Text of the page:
“My dream is of course to be part of the Olympics. I played three times at the Olympics. I’d like to be there again. But I also really want to do well in Wimbledon this year. To reach my goal, it has to be including Wimbledon.” He added. 

Monfils is currently playing at the Monte Carlo Masters where he beat Aleksandar Vukic in his opening match. In the next round, he will take on Daniil Medvedev in what will be their first meeting since 2022. He leads their head-to-head 2-1. 

Medvedev has openly spoken about his roller-coaster relationship with playing on the clay. He admits it is not his favourite surface but how much of a factor could this be in his upcoming clash with Monfils?

“Of course, it’s not his favourite one, but he’s still Daniil Medvedev, and whatever the surface, it’s always very complicated to play him,” Monfils concludes. 

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Matteo Berrettini wins in Marrakech displaying quality tennis

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Matteo Berrettini - Marrakech 2024 (photo X @ATPTour_ES)

Matteo Berrettini defeats Roberto Carballes Baena in straight sets, 75 62, and proves that his comeback is well grounded  

If life is often considered a continuous narrative, it may be no coincidence that today Matteo Berrettini’s comeback journey intersescted Carballes Baena, a player he had faced twice in straight tournaments, Florence and Naples in October 2022, shortly before plunging into his annus horribilis, an injury-plagued 2023.

Just like resuming the story from where it was left.

Carballes Baena, the defending champion, got off to a sharper start, holding serve with ease and earning a first break point in the second game. Berrettini averted the threat by hammering down three serves but lost his service two games later.

Doubts on the Italian’s recovery from his energy-draining semifinal may have been starting to come afloat. However Berrettini broke back immediately, unsettling the Spaniard’s consistency with changes of pace and alternating lifted and sliced backhands.

The next six games neatly followed serve. Figures witness how close the match was. After 45 minutes the scoreboard read 5 games all, and stats reported 27 points apiece.

The eleventh game was to be crucial. Carballes Baena netted two forehands, while trying to hit through the Italian’s skidding spins and conceded a break point. Berrettini followed up two massive forehands with a delicate, unreachable drop shot and secured the break.

Carballes Baena was far from discouraged, and fired two forehand winners dashing to 0 40  with the Italian serving for the set.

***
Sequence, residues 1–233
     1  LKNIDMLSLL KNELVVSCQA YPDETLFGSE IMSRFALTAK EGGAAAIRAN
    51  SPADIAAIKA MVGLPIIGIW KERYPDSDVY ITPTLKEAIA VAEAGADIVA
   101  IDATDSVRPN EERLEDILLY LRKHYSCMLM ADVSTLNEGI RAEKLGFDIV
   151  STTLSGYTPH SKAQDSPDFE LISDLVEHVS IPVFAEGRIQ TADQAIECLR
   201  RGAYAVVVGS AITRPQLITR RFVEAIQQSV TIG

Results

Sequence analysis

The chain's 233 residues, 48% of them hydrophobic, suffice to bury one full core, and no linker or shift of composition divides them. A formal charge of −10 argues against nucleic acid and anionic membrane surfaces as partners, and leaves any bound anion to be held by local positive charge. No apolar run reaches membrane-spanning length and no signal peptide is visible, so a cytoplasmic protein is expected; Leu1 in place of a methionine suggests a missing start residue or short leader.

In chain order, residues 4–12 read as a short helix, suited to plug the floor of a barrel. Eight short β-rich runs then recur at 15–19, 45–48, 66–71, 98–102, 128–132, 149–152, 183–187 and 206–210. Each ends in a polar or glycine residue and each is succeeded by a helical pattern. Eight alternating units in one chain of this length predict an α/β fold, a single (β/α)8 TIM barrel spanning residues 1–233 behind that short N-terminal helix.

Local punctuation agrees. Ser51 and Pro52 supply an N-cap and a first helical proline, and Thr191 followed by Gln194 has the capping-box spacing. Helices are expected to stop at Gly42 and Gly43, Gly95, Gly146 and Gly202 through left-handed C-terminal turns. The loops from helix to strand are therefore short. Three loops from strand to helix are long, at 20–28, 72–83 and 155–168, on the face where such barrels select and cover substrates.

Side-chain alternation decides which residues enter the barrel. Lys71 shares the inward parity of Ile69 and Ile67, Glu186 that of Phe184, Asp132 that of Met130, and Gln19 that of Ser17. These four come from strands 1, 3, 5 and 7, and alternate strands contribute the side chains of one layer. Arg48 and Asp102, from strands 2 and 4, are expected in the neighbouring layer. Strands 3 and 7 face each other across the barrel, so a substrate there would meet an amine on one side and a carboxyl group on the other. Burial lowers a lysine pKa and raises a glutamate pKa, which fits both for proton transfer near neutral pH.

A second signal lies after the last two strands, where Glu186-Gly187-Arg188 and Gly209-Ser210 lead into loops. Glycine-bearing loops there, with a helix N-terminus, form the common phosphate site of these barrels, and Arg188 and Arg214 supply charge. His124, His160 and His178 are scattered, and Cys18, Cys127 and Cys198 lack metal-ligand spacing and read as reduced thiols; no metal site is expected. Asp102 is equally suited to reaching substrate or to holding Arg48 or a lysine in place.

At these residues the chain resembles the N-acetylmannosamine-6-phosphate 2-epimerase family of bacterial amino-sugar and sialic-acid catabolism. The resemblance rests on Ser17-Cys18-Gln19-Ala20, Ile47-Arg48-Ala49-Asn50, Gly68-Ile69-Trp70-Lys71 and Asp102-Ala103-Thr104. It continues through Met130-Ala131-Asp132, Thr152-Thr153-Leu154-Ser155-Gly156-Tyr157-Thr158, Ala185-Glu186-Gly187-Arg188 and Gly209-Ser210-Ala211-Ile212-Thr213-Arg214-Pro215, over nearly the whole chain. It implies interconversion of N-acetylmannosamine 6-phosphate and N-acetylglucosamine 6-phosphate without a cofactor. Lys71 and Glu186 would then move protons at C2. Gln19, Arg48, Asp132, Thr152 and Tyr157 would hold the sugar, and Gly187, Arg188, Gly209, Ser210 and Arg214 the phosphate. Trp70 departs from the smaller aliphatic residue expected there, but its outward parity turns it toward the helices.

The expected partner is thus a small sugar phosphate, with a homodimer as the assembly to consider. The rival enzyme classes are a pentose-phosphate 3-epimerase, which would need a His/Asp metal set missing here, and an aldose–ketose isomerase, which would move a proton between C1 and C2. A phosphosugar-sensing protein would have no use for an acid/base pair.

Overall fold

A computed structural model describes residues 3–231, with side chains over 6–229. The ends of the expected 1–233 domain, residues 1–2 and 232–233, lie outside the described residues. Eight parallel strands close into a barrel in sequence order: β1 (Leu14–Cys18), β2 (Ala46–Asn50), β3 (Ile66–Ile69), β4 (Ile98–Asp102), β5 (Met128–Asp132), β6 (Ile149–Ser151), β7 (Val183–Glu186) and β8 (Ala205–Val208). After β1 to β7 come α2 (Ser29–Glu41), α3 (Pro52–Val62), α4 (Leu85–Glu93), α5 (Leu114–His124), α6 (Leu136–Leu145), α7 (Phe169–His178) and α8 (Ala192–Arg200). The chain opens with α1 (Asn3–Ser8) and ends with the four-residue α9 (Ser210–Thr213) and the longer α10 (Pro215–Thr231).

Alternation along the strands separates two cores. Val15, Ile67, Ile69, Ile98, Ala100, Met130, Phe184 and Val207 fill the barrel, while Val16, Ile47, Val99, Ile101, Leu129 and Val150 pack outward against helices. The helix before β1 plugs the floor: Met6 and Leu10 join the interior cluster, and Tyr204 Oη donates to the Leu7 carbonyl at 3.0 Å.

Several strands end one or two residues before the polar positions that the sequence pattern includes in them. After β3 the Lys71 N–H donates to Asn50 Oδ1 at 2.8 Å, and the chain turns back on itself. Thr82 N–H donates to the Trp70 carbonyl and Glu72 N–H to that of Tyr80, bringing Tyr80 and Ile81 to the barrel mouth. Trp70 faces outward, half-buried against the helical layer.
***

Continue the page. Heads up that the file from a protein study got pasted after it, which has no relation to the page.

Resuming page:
Berrettini was lucky to save the first break point with a forehand that pinched the top of the net, and trickled over. Then he hit two winning first serves to draw even. Then again two first serves paired with their loyal forehand winner: Berrettini’s copyright gamepattern sealed a 59 minute first set.

The match seemed about to swing round at the very start of the second set when Carballes Baena had three break points and was winning all the longer rallies. Once more Berrettini got out of trouble thanks to his serve. Carballes Baena’s disappointment turned into frustration after he failed to put away two quite comfortable smashes and lost his service immediately after.  

Unforced errors were seeping into the Spaniard’s game and when Berrettini won a 16-shot rally with a stunning crosscourt forehand on the stretch and went on to grab a two-break lead, the match appeared to have taken its final twist.

Berrettini did not falter when serving for the match at 5 2, despite an unforced error on the first point. Three first serves chauffeured him to two match points.

Carballes Baena only succeeded in bravely saving the first, well steering the rally. But the 2021 Wimbledon finalist produced a massive serve out wide and joyfully lifted his arms to the sky, for a most emotional victory. It means so much to a player whose talent and career have been incessantly diminished by injuries.

It’s been a tough last couple of years” Matteo Berrettini said, holding the trophy. “Thanks to my team I was able to overcome all the tough moments my body didn’t allow me to play. I thank you and all the people that made my comeback possible: all my friends and my family, the people that were with me all the time when I was sad, injured and I didn’t think I could make it.”